This course provides a broad introduction to computer graphics and imaging.

Topics: Image input and output devices such as cameras and displays, graphics hardware and software, input technologies and interactive techniques, typography and page layout, light and color representations, tone reproduction, image composition and imaging models, digital signal processing, sampling, aliasing and antialiasing, compression, two- and three-dimensional geometry and transformations, modeling techniques including curves and surfaces, reflection models and illumination algorithms, and basic methods for animation.


CS107, MATH 103.

Programming using C/C++ and OpenGL and use of common graphics tools such as drawing programs and image processing toolkits.

Masters students or students with a strong interest in continuing in graphics should take CS248 instead.







Jan 8, 10




Jan 15, 17




Jan 22, 24

Input Technology

Interaction Techniques


Jan 29, 31

Basis Functions and Interpolation



Feb 5, 7

Splines and Curves

Light and Color


Feb 12, 14

Digital Cameras



Feb 19, 21

Mattes and Compositing

Signal Processing and Sampling


Feb 26, Feb 29


Digital Video and HDTV


Mar 4, 6

Programmable Shading

Geometric Modeling


Mar 11, 13




Text and readings

There is one required text for the course.

  • Dave Shreiner, Mason Woo, Jackie Neider, Tom Davis
    OpenGL Programming Guide, 5th Edition
    Addison-Wesley, 2006

This book, often called "The Red Book," covers OpenGL, but in the process touches on many of the topics we will study in this course. However, if you are in a pinch, you need not buy this book since most of the information is available online. In particular, the older 2nd Edition of the OpenGL Programming Guide is freely available.

Additional readings will be assigned from journals and conference proceedings, and excerpts from conference tutorials. Only papers NOT available online will be handed out in class. Readings for each lecture are available from the Lectures page.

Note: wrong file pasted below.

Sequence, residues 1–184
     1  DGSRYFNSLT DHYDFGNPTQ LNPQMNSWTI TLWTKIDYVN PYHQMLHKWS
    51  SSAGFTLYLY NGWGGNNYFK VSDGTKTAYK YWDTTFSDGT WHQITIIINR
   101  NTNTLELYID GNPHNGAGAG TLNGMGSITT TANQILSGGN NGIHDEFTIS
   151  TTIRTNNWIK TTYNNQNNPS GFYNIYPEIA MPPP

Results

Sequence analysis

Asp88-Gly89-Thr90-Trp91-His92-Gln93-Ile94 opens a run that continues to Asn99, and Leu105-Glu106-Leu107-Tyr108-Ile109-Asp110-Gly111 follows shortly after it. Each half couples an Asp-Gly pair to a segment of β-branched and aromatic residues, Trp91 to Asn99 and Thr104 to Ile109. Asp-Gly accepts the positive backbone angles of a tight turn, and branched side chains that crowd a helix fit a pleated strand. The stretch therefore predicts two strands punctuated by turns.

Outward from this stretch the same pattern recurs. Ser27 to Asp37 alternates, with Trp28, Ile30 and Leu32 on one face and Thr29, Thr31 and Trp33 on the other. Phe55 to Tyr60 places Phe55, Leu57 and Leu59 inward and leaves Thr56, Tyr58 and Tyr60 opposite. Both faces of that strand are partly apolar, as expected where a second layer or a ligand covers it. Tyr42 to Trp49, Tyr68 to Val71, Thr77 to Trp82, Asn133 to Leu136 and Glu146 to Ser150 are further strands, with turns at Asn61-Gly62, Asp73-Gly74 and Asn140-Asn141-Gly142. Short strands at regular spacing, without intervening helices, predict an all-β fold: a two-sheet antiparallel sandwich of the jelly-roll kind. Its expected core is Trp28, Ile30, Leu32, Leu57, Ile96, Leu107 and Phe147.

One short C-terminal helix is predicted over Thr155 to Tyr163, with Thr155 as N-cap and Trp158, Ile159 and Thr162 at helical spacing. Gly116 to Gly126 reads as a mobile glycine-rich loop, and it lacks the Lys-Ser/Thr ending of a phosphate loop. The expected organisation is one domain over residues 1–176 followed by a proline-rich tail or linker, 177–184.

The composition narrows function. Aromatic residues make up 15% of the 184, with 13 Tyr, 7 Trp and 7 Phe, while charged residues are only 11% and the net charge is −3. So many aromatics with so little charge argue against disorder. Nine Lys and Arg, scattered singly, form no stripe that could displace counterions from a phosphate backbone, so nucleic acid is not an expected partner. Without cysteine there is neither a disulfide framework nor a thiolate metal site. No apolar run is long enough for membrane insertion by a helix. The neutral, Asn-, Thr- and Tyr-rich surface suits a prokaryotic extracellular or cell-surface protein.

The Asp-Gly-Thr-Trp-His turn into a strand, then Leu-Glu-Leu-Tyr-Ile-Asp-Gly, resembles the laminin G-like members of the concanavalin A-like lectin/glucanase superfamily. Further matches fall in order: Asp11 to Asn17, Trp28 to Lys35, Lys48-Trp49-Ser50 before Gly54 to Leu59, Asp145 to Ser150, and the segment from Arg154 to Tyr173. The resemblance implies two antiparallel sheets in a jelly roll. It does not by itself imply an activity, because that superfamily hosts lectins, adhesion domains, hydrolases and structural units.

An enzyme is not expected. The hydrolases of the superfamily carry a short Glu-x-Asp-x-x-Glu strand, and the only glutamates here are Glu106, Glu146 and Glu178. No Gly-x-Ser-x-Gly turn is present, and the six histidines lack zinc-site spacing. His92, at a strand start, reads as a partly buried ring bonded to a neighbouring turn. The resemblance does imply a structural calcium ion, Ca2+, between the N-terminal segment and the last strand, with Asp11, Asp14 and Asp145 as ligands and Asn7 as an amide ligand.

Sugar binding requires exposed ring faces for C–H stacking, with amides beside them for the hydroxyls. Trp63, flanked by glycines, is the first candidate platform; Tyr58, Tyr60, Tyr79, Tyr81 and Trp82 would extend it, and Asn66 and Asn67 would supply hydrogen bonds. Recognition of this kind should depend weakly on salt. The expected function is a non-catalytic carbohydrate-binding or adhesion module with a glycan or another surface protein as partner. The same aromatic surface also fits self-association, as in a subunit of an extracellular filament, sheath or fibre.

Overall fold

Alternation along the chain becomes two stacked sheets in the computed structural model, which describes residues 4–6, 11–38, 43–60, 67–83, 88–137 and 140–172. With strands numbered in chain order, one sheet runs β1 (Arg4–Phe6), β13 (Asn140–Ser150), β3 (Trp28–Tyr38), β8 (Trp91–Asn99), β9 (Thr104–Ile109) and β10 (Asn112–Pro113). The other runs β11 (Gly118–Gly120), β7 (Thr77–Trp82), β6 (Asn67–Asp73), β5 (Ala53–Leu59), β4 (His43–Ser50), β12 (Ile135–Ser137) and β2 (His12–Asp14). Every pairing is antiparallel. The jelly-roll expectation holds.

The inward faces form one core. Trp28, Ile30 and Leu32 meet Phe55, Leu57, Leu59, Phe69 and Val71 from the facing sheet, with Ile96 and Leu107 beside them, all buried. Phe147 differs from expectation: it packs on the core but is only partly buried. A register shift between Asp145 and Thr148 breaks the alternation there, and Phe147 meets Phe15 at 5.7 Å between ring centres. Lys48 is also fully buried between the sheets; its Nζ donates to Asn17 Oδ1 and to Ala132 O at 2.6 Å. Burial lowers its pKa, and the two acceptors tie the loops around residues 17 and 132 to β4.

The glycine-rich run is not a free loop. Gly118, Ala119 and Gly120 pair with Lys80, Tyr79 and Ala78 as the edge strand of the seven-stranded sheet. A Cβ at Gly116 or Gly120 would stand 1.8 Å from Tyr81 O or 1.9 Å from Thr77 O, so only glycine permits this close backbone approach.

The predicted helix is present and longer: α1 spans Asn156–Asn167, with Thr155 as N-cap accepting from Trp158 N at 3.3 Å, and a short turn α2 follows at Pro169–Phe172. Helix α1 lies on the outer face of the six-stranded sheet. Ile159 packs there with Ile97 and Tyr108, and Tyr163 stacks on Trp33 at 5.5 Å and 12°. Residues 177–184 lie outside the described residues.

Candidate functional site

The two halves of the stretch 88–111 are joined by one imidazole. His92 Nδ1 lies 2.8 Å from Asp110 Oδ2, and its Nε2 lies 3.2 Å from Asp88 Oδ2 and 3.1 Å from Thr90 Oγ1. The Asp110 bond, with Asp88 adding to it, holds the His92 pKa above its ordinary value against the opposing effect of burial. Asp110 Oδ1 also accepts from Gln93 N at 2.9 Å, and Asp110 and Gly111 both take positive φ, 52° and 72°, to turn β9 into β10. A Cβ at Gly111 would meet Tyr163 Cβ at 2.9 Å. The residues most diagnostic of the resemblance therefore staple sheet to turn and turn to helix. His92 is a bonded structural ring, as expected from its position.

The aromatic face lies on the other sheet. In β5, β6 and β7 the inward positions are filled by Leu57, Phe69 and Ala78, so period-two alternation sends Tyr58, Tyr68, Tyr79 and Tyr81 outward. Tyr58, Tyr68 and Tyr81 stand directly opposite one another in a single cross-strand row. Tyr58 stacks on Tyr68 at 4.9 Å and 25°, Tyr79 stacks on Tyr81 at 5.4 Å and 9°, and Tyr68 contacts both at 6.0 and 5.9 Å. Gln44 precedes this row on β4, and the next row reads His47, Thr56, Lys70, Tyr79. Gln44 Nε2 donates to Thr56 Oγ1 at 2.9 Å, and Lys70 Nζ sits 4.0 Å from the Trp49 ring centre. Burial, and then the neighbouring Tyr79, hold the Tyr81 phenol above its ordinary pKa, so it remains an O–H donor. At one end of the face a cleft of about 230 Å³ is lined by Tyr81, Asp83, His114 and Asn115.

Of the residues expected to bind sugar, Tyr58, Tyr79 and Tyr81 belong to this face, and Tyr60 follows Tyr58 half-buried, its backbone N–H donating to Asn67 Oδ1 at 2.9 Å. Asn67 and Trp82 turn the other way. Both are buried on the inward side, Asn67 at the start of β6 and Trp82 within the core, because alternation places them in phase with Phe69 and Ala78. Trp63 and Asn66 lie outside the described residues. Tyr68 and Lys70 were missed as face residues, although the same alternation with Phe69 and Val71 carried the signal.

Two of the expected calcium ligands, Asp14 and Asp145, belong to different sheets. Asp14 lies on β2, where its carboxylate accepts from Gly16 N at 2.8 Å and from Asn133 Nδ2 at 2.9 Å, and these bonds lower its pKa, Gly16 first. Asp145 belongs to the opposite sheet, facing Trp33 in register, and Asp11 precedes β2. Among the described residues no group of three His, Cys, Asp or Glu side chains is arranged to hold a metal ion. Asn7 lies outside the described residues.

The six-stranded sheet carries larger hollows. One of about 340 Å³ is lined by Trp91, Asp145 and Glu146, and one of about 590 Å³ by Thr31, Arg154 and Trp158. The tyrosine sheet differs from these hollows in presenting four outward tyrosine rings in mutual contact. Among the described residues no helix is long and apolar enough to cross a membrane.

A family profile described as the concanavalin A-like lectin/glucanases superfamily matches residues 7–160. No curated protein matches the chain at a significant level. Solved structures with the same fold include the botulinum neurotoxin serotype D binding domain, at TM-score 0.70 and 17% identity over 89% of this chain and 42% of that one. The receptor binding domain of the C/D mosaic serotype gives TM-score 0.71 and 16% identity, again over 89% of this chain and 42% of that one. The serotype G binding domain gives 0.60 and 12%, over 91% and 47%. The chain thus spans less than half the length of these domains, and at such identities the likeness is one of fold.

Unfortunately, no single textbook covers all the material in the course. Thus, there is no required textbook. However, we recommend the following if you want additional background material.

  • Peter Shirley
    Fundamentals of Computer Graphics, 2nd Edition

    1. K. Peters, 2006.

Assignments, exams and grading

This course will include 8 programming assignments, one per week, in addition to a mid-term and a final.

The assignments will be short and are meant to be completed in a few hours. Example code and data will be provided so that you can concentrate on the main conceptual ideas and not need to write a lot of code. Additionally, of your 8 assignments, we will drop the lowest two scores when computing final grades.

The tentative list of assignments are:

  • Assignment1: Generative art

  • Assignment2: Animating a planetary orrery
  • Assignment3: Simple layout engine for a web browser
  • Assignment4: Interacting with a game controller
  • Assignment5: Matte extraction and compositing
  • Assignment6: Wavelet compression
  • Assignment7: Shading and texturing using programmable GPUs
  • Assignment8: Subdivision surfaces

Evaluation criteria: Programming assignments will count for 60% of your grade. As stated above, your best 6 grades out of the 8 programming assignments will be used for determining your final grade. The mid-term and the final will each count for 20% of your grade.

Collaboration: For the programming assignments, you may discuss the assignment with friends, but you are expected to implement your own solutions.

Late assignments: Assignments will be handed out on Thu and are due the following Thu at 11:59pm. No late assignments will be accepted for grading. Since we will be dropping your lowest assignment scores, a late assignment will essentially be considered one of your skipped assignments.

Hardware and software

You are encouraged to do class assignments on your personal computer. A relatively modern graphics card is useful, but not necessary. OpenGL is readily available on Linux, Windows and Mac platforms. The support code has been tested on all of these platforms.

If you do not wish to develop on a personal machine, you will have access to the 'myth' machines located in Gates B08. These 3.2 Ghz DELL Dual-Xeon Linux boxes, named myth1 - myth29 are available for remote access. All students with leland accounts automatically have accounts on these machines. Home directories on these machines are shared with other Stanford Computing Clusters using AFS. If you do not have a leland account, consult this ITSS web page. Registered students will get an extra 200MB of disk quota for the quarter. Please notify the course staff immediately if you do not notice this quota increase withing 48 hours of officially signing up for the course.